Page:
|New company DEMANDING health insurance questionnaire
Jan 11, 2012
I changed jobs to a company with almost 50 employees. I was shocked to find that the new company utilizes a "small business" group health insurance plan, designed for companies with between 1-19 employees. This plan requires me to submit a detailed health questionnaire, which asks about my HIV status and whether or not I am receiving medication for it. I am supposed to submit this paperwork to an administrative assistant. There is not a privacy envelope, just a loose questionnaire. I do not know what she will do with the paperwork. You've previously recommended that in instances like this we investigate submitting the paperwork to the insurance company directly. I did that and the insurer, Medical Mutual of Ohio, flatly refused to accept the paperwork, telling me that I was to follow my employer's instructions. I indicated that this was a conflict of interest for the assistant to maintain my confidentiality, and suggested that it sounded like a violation of HIPPA laws. The representative I spoke with contacted his manager and restated that I was to submit it to the employer's administrative assistant, per their instructions. I've no doubt that my goose is cooked. Do you have any suggestions as to how I should proceed to maintain my confidentiality and protect against health discrimination? Is there anything I can do to be proactive about documenting what I anticipate will be a questionable dismissal?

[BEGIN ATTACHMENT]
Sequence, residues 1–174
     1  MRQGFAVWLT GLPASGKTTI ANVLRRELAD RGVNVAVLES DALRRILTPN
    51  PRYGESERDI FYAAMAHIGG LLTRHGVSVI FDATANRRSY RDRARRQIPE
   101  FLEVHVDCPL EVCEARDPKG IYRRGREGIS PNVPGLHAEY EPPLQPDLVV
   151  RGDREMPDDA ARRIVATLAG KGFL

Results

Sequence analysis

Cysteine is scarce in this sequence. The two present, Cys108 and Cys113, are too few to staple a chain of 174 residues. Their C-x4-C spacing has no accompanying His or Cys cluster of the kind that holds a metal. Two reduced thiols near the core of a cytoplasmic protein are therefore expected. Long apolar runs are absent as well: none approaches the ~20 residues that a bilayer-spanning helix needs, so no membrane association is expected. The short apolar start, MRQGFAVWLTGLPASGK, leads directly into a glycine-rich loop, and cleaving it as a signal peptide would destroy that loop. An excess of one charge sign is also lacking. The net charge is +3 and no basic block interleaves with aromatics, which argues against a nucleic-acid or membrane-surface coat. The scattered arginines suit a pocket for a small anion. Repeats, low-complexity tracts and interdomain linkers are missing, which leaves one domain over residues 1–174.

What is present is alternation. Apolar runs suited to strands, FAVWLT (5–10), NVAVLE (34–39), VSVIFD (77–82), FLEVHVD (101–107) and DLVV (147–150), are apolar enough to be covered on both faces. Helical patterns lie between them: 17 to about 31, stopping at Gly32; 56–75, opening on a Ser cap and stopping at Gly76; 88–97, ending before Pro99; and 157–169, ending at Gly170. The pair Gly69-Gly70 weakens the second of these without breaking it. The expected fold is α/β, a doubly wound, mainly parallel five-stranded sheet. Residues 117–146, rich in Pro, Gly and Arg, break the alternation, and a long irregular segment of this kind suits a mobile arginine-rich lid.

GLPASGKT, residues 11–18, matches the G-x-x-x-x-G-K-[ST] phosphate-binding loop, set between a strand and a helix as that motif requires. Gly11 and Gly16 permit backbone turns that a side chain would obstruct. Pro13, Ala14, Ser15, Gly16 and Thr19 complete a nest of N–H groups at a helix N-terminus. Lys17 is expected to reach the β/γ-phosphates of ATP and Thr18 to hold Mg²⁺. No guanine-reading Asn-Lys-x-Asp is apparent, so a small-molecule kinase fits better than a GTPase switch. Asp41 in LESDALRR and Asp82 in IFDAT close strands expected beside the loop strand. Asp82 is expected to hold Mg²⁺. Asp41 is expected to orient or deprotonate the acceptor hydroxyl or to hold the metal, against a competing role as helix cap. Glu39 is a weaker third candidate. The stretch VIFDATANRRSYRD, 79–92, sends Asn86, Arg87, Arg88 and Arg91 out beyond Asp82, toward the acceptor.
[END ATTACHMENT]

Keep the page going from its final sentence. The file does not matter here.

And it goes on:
Response from Mr. Chambers
This is a tough position. You would surely be covered, however, I don't blame you for not wanting your status to become public knowledge at your employer. Some states allow health questionnaires for small groups. They don't prevent coverage, but it does give employers opportunities to see confidential medical information. It sounds like your employer is using a form that may not be permitted for its size. It also sounds as if your insurance carrier is not cooperating as they could or should. I encourage you to contact a legal services agency in your area for assistance. Contact one of the AIDS Services Organization in your area or the Ohio Legal Services at 1.866.LAW.OHIO (1.866.529.6446) and see if they can help or can refer you to someone who can.
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